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C. A. Parsons and Company

C. A. Parsons and Company
Industry Engineering
Fate Acquired
Successor Siemens AG
Founded 1889
Defunct 1997
Headquarters Newcastle upon Tyne, UK

C. A. Parsons and Company was a British engineering firm which was once one of the largest employers on Tyneside. The company became Reyrolle Parsons in 1968, merged with Clarke Chapman to form Northern Engineering Industries in 1977, became part of Rolls-Royce plc in 1989, and still survives today as a division of Siemens.


Dungeness uses Parsons steam turbines

The Company was founded by Charles Algernon Parsons in 1889 to produce steam turbines, his own invention.[1] At the beginning of the twentieth century, the company was producing up to 50 turbines a year at its factory in Heaton in Newcastle upon Tyne. The company's heyday was in the 1960s, when the factory employed more than 7,000 people at its 100 acre split site.[2]

Nuclear power stations using Parsons steam turbines include Bradwell, Calder Hall, Dungeness, Heysham 2 and Oldbury in England[3] and Chapelcross and Hunterston in Scotland.[4]

The company merged with A. Reyrolle & Company to form Reyrolle Parsons in 1968.[5] In 1977 Reyrolle Parsons merged with Clarke Chapman to form Northern Engineering Industries plc, which itself was acquired by Rolls-Royce plc in 1989.[5]

The company survives today as part of the power generation division of the industrial conglomerate, Siemens, who acquired the business from Rolls-Royce in 1997.[6] Siemens announced in late 2002 that they would be cutting 400 of the 700 jobs at the Heaton works by 2004, shifting the operation to focussing on the servicing side of the business, blaming a downturn in world markets following the 11 September attacks and Enron scandal, creating a downturn in orders in 2003. They also announced they would be focusing their manufacturing operations at their factory in Budapest, where labour was cheaper.[2]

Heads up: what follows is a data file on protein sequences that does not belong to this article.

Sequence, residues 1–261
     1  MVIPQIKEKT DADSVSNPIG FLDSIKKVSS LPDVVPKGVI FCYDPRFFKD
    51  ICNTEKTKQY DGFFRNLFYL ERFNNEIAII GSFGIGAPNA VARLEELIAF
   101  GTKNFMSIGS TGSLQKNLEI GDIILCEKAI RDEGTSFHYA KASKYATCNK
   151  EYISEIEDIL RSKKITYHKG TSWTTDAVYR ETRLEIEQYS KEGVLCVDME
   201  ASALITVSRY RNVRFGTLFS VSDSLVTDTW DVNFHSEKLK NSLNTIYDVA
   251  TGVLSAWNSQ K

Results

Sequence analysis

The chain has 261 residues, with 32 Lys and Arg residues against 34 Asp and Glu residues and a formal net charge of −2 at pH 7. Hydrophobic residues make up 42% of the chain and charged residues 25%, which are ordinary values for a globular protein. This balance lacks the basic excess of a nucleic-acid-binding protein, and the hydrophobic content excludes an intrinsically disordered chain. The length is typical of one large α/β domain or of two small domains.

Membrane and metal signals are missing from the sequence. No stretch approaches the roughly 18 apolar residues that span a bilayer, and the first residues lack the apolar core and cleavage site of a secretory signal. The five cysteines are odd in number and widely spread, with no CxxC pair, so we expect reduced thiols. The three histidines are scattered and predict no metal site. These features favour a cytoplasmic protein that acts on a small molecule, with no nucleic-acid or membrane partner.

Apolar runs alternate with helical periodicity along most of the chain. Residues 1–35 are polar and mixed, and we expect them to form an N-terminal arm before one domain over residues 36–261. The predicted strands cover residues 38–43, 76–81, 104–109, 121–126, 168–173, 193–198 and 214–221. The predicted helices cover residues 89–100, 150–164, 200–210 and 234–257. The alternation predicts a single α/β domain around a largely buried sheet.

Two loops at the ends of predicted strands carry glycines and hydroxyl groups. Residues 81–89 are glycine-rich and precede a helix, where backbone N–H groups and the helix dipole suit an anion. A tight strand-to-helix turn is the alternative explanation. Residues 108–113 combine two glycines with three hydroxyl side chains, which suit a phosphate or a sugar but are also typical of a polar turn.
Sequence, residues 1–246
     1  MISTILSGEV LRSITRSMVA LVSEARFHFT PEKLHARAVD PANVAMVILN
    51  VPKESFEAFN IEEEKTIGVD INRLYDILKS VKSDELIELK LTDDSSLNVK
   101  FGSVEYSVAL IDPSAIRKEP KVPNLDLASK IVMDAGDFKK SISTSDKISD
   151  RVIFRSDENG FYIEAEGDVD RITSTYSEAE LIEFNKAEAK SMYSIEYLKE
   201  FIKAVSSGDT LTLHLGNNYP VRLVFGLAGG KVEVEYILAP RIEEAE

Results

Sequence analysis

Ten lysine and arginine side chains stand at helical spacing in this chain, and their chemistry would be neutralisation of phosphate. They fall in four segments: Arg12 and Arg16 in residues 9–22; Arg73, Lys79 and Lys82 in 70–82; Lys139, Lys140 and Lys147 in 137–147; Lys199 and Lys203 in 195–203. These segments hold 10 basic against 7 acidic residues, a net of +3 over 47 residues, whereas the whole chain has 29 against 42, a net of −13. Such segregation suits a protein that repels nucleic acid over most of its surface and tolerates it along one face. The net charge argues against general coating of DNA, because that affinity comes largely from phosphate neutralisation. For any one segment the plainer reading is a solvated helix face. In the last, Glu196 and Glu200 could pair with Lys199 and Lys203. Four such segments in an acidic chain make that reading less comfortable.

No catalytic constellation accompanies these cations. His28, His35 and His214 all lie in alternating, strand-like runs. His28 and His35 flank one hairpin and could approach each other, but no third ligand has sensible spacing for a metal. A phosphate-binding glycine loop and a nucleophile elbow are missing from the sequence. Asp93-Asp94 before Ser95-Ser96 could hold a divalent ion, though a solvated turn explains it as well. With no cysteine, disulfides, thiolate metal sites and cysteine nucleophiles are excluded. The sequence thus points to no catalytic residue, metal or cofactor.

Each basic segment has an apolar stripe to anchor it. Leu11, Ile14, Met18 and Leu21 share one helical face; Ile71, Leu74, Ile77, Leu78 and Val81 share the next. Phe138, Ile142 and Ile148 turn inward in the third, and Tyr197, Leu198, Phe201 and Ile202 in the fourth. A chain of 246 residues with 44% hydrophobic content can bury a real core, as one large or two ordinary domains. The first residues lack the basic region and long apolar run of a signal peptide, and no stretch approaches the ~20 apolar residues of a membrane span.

Parsons turbines are now on display in several museums in the UK, and across the world. These include the Discovery Museum in Newcastle, the Science Museum in London, and the Electric Power and Historical Museum, in Yokohama, Japan.[2]


  1. ^ "Chronology of Charles Parsons". Birr Castle Demesne. 
  2. ^ a b c Young, Peter (6 May 2003). "Generating a big demand". Evening Chronicle. Retrieved 13 September 2011. 
  3. ^ Nuclear Power Plants in the UK - England
  4. ^ Nuclear Power Plants in the UK - Scotland
  5. ^ a b NZR Cranes
  6. ^ Ward, David (29 August 2002). "Violence mars Leeds Festival". The Guardian (London). 

See also

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